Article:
2012 chart does not (Compare Tr. 266 with Tr. 282). Also, the ALJ previously relied on the
opinion of State agency medical consultant Mangala Hasanadka, M.D., who opined on
September 8, 2009 that Plaintiff met Listing 4.11A (Tr. 268). Since that time, two new State
agency medical consultants were entered into the record. On February 19, 2013, State agency
medical consultant J. Sands, M.D. found Plaintiff capable of light work, subject to some postural
limitations (Tr. 300-07). State agency medical consultant B. Whitley, M.D. reviewed the file in
June 2013, and agreed (Tr. 338-45). The ALJ cited extensively to those new opinions in finding
both that Plaintiff did not continue to meet or equal Listing 4.11A, and in finding that she could
perform light work (Tr. 26).
To warrant remand and show that a different conclusion would be reached, Plaintiff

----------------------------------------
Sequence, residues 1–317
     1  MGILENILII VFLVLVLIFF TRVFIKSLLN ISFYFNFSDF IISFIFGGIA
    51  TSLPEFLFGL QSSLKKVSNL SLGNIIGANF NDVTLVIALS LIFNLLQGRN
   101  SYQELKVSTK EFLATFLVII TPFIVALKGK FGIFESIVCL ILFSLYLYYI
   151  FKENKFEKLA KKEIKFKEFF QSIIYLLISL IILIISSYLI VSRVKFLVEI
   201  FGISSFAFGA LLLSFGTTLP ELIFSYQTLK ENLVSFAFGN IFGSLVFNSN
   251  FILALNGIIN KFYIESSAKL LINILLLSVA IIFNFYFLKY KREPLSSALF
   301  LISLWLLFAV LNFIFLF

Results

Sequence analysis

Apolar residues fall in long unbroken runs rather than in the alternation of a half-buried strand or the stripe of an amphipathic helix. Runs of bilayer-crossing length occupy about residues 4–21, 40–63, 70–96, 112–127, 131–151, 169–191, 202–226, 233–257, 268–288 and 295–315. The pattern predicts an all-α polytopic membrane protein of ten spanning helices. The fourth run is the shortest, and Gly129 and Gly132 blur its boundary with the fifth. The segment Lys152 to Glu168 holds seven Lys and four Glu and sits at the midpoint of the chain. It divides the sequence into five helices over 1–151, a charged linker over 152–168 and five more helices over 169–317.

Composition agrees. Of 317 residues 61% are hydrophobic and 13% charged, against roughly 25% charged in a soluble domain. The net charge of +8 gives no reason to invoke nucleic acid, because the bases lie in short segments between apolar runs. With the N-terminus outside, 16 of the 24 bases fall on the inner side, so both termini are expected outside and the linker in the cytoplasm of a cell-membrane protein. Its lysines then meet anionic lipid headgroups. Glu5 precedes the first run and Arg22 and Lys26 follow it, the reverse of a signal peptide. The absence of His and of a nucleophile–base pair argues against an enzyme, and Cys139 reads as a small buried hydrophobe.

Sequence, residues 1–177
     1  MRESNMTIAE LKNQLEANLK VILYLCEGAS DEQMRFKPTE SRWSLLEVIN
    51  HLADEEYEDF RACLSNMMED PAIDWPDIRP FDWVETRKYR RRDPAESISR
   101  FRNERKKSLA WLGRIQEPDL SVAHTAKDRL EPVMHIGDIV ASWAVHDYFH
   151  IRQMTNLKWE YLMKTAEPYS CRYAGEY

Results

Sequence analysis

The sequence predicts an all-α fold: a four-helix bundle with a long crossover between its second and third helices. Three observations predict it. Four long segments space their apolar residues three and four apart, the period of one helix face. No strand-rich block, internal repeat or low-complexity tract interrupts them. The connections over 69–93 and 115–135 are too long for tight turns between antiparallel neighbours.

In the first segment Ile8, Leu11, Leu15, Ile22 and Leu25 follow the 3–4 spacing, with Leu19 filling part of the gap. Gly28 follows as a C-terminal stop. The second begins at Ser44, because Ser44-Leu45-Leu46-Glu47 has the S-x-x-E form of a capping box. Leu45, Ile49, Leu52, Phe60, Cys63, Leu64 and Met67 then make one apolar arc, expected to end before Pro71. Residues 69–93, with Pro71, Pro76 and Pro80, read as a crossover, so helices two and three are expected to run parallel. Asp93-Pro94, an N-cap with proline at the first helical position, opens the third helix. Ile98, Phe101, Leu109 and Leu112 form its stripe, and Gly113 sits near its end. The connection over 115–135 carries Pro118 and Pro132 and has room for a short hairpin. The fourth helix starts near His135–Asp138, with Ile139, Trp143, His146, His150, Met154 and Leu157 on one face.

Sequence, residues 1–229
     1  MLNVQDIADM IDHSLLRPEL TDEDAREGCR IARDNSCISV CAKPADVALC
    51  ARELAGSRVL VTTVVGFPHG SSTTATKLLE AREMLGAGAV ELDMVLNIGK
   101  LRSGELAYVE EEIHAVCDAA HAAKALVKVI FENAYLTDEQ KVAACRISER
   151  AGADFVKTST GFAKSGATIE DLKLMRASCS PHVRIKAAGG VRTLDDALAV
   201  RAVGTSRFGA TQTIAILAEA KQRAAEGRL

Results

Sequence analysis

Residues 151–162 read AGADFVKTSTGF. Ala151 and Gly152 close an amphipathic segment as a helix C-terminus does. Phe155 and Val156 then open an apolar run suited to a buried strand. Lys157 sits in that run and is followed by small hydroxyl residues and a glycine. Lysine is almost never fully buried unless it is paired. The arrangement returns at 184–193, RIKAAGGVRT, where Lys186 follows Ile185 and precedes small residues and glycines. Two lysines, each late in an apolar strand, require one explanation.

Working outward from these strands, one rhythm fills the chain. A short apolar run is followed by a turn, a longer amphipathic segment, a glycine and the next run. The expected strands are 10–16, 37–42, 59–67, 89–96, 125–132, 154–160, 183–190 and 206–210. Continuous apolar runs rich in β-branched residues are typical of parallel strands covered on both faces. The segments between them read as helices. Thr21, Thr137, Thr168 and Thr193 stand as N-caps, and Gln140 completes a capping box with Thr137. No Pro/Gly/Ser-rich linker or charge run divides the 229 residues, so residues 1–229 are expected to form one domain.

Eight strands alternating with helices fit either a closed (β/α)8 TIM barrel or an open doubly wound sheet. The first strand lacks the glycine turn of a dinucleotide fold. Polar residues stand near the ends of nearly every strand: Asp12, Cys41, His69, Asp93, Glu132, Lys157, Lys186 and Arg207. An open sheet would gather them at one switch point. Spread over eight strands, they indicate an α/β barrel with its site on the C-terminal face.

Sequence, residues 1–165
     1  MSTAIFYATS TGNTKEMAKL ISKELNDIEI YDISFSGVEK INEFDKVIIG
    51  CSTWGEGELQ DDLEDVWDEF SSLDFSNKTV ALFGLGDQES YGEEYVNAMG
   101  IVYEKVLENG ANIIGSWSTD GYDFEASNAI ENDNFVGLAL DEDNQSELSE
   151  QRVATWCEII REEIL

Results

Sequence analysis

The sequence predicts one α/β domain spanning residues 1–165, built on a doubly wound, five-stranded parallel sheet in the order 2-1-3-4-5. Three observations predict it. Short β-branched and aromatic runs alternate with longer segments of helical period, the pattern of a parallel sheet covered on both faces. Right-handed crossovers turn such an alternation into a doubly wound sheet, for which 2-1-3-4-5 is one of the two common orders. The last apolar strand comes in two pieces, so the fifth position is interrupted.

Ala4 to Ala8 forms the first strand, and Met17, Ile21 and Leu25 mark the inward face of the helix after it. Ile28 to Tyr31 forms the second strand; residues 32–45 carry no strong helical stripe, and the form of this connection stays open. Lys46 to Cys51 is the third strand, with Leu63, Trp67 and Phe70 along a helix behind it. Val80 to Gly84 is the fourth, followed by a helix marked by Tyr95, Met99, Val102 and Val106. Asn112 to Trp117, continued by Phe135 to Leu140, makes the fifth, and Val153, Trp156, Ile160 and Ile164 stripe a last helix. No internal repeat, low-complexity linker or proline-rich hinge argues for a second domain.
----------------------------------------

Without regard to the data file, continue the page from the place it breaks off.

would either need to show that she continued to meet or equal Listing 4.11A, or that the ALJ
overlooked some evidence that might have altered her decision. Plaintiff only argues that the ALJ
disregarded the opinion of Dr. Ringel. As noted above, the ALJ cited to Dr. Ringel’s findings in
showing a lack of muscle atrophy or deficits in concluding that she no longer met or equaled any
Listed impairment (Tr. 23); she pointed to Dr. Ringel’s findings in establishing medical
improvement (Tr. 24); she noted that Dr. Ringel’s findings included no evidence of open sores or
ulcerations on Plaintiff’s legs (Tr. 25); and she used Dr. Ringel’s examination to discount
Plaintiff’s claims of an abnormal gait and a need for assistive devices (Tr. 28-29). The ALJ’s